Andre3K
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Posts: 365
Joined: Tue May 30, 2017 10:11 pm

IFR Flight Training/ VFR Habits

Sat Dec 30, 2017 2:26 am

Another topic about simulator time vs real time got me wondering.

Someone in the topic mentioned that he had to unlearn looking at the instruments, and inside the cockpit and start looking at the sky.

My question is, isn't IFR training all about keeping your eyes INSIDE the cockpit because there are no visual references outside? So by extension would being a pro at flying IFR in a flight simulator not be a plus when IFR training and by that extension would you not have to unlearn looking outside the cockpit when transitioning from VFR to IFR training. Seem's kind of odd to push the idea that you need to look outside the cockpit 90% of the time during VFR but then train under a hood 90% of the time for VFR.

Thoughts?
 
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Starlionblue
Posts: 18593
Joined: Fri Feb 27, 2004 9:54 pm

Re: IFR Flight Training/ VFR Habits

Sat Dec 30, 2017 2:37 am

Andre3K wrote:
Another topic about simulator time vs real time got me wondering.

Someone in the topic mentioned that he had to unlearn looking at the instruments, and inside the cockpit and start looking at the sky.

My question is, isn't IFR training all about keeping your eyes INSIDE the cockpit because there are no visual references outside? So by extension would being a pro at flying IFR in a flight simulator not be a plus when IFR training and by that extension would you not have to unlearn looking outside the cockpit when transitioning from VFR to IFR training. Seem's kind of odd to push the idea that you need to look outside the cockpit 90% of the time during VFR but then train under a hood 90% of the time for VFR.

Thoughts?


Be careful with the difference between the concepts VMC/IMC and VFR/IFR. Conditions vs rules.

In an airliner, we are more often than not in VMC but we're still flying IFR. Our instruments are legally (and practically) our primary reference (though obviously we still look outside if we can see out). If you're in a light aircraft and VFR, your primary reference is visual. If you're simulating IMC with a hood, you need a safety pilot because legally you are VFR and must navigate by outside references, even if you're training IFR procedures.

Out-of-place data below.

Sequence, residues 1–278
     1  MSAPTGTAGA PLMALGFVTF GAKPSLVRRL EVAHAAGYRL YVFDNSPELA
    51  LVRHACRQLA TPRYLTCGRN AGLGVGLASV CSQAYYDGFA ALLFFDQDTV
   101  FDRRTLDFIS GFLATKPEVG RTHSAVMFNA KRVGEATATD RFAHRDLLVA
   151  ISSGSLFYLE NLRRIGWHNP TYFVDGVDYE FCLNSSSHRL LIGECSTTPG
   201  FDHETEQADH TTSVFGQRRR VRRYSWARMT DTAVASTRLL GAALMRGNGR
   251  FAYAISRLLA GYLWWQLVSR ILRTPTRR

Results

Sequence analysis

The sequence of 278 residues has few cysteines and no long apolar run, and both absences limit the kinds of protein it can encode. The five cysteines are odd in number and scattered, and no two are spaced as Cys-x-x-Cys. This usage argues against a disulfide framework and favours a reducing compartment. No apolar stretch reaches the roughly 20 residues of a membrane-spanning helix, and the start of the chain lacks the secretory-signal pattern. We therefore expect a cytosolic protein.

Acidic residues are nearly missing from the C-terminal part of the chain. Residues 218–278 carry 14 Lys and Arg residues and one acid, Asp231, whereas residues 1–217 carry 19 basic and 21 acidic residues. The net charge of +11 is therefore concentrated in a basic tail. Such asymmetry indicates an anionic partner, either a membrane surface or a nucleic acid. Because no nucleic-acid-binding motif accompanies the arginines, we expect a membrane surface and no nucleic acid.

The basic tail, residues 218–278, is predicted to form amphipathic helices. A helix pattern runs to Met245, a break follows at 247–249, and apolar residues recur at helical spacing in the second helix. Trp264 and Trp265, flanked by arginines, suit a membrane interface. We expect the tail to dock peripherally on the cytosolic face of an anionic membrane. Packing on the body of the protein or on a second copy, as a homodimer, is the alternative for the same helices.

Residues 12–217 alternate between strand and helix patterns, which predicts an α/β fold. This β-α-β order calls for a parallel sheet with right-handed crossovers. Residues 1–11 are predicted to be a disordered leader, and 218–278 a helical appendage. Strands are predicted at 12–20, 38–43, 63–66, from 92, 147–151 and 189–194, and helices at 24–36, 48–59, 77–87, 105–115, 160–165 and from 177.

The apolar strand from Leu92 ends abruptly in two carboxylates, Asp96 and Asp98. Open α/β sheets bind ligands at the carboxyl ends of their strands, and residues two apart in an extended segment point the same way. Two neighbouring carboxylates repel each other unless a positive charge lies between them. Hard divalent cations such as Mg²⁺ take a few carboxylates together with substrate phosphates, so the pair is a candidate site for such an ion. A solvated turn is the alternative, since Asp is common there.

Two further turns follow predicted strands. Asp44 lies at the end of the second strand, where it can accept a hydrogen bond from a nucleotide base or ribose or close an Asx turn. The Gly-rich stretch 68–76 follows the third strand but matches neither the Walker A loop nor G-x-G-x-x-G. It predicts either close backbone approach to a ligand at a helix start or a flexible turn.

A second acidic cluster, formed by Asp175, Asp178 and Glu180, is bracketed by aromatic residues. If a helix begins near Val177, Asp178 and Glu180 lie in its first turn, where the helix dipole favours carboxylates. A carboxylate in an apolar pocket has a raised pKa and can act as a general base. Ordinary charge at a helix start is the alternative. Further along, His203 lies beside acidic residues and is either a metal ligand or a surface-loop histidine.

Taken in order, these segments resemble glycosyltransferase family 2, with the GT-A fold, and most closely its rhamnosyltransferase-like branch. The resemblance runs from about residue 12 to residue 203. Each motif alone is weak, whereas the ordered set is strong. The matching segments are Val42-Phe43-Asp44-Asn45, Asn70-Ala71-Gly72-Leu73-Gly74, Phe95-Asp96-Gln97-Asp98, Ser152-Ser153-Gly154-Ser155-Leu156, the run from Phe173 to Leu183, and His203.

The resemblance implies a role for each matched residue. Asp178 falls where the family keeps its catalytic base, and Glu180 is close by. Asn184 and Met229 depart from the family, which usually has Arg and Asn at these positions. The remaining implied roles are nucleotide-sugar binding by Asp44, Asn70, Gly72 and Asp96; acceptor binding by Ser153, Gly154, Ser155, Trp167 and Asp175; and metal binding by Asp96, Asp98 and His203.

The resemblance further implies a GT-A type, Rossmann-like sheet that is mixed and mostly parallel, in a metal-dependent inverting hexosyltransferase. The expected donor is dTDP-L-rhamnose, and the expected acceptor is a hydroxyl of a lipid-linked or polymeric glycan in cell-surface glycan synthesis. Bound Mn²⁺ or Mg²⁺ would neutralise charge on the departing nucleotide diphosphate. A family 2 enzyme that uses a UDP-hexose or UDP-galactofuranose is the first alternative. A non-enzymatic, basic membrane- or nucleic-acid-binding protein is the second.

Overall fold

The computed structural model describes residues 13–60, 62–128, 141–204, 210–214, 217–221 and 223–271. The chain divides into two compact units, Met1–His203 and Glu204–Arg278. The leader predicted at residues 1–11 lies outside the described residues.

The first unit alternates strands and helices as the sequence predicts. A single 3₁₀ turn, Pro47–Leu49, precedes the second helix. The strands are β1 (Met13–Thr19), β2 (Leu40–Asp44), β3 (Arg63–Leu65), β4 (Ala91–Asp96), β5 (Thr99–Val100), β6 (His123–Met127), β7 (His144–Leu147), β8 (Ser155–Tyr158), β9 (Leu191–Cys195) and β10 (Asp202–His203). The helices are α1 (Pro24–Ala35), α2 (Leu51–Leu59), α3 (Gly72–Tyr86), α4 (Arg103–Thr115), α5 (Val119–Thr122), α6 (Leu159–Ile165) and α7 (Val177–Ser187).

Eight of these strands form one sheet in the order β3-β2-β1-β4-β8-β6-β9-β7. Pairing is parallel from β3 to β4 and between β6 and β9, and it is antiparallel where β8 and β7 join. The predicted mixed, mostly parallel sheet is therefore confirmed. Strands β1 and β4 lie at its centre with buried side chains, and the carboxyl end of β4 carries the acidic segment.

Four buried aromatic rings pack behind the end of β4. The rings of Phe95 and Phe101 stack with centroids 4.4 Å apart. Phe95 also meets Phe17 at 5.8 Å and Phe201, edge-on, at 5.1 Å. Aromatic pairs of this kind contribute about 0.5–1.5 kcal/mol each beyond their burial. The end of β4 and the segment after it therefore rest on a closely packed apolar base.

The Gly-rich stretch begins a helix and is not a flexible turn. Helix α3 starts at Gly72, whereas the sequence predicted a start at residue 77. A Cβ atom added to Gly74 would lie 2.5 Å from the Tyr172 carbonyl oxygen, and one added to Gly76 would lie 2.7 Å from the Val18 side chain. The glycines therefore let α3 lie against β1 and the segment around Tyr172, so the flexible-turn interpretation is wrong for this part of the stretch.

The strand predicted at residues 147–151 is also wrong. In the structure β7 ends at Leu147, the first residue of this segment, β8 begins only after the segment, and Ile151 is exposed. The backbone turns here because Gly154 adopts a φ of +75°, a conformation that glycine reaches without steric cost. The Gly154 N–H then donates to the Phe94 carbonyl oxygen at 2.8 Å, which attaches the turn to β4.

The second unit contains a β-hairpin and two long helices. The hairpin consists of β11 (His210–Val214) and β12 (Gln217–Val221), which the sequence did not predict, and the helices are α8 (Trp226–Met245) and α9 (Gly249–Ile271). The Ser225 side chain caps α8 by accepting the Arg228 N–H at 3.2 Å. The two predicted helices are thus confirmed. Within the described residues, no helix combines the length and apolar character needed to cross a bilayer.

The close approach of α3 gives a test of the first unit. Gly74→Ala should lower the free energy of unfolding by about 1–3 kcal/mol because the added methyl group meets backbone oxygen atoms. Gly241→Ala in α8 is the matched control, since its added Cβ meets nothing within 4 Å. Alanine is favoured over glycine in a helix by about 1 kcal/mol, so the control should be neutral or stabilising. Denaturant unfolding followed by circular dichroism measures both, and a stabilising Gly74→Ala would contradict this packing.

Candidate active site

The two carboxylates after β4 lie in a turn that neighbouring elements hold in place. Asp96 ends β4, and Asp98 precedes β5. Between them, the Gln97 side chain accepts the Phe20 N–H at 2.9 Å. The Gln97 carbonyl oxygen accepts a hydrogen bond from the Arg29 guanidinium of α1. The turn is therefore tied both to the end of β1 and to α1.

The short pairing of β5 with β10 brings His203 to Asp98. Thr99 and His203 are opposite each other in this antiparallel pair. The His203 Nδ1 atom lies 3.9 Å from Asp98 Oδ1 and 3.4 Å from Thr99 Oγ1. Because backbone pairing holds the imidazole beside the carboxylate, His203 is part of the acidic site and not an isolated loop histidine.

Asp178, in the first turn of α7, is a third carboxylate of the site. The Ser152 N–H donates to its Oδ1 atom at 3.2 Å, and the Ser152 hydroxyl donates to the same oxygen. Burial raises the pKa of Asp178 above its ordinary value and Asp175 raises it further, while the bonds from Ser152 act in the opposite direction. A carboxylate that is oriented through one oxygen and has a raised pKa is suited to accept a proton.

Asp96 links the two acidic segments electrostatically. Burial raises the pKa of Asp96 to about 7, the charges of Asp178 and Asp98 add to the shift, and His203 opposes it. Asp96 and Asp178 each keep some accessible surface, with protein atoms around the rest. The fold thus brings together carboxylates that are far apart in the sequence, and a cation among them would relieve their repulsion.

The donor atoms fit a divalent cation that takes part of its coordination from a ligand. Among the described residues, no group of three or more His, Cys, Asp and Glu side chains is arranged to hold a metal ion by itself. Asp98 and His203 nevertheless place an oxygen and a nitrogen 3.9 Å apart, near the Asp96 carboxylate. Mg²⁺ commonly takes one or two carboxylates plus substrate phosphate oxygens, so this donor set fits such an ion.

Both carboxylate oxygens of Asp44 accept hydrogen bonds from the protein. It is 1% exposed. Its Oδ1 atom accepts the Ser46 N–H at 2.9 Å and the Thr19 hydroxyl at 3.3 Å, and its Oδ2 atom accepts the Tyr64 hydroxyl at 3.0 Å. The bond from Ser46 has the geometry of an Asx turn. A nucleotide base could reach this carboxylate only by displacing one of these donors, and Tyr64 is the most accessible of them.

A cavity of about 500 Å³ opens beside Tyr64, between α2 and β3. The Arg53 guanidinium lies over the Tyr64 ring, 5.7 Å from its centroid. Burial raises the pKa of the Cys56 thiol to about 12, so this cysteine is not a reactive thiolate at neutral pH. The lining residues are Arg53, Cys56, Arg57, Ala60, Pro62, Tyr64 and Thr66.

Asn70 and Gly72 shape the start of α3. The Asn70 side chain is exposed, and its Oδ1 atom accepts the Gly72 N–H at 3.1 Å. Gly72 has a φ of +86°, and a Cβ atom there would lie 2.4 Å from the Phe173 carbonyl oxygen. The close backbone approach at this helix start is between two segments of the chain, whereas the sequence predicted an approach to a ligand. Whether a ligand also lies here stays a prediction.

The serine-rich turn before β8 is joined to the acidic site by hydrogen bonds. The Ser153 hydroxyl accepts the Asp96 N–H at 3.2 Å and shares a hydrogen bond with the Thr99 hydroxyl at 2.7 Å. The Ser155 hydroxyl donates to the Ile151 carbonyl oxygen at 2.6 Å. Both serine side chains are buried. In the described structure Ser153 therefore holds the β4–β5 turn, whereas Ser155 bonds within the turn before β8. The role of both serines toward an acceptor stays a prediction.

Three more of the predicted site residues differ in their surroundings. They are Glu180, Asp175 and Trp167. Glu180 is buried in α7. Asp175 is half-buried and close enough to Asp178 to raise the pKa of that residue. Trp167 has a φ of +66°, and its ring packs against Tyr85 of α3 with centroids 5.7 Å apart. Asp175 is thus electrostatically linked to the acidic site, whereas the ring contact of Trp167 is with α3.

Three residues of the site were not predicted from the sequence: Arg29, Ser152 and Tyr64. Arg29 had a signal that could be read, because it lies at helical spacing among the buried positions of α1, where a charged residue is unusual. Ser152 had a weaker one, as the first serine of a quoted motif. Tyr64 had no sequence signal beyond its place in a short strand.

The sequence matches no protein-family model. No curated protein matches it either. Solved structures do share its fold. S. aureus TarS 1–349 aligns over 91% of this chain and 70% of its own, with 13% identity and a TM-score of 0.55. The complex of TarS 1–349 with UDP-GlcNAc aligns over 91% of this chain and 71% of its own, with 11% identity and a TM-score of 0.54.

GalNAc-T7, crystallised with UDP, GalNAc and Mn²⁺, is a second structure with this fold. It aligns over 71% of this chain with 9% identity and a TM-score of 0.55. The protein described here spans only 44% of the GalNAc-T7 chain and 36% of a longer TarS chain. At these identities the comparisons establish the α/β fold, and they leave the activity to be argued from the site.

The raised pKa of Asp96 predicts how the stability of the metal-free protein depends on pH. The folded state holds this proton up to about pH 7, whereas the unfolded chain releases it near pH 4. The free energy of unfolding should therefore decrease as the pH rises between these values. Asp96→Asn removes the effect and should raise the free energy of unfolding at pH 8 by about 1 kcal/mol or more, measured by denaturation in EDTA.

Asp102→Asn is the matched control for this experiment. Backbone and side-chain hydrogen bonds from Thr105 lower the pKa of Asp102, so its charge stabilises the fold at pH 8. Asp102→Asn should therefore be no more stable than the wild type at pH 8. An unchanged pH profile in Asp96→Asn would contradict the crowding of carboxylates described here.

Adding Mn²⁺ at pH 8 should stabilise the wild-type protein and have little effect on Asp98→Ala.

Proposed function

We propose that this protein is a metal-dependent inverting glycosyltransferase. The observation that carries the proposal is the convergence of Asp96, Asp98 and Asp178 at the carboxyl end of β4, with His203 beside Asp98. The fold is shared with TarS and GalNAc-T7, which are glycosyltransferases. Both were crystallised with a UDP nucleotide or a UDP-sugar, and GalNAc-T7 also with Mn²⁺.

It's not about unlearning VFR to learn IFR. VFR and IFR are two somewhat different kinds of flying, and pilots must learn both. (Unless you just want to fly light planes in VMC.)

As for a basic flight sim (e.g. MSFS), it is a decent tool for basic IFR, as long as you are diligent in working on your scan. It's not the real thing though.
Last edited by Starlionblue on Sat Dec 30, 2017 2:55 am, edited 1 time in total.
"There are no stupid questions, but there are a lot of inquisitive idiots." - John Ringo
 
Andre3K
Topic Author
Posts: 365
Joined: Tue May 30, 2017 10:11 pm

Re: IFR Flight Training/ VFR Habits

Sat Dec 30, 2017 2:44 am

Starlionblue wrote:
Andre3K wrote:
Another topic about simulator time vs real time got me wondering.

Someone in the topic mentioned that he had to unlearn looking at the instruments, and inside the cockpit and start looking at the sky.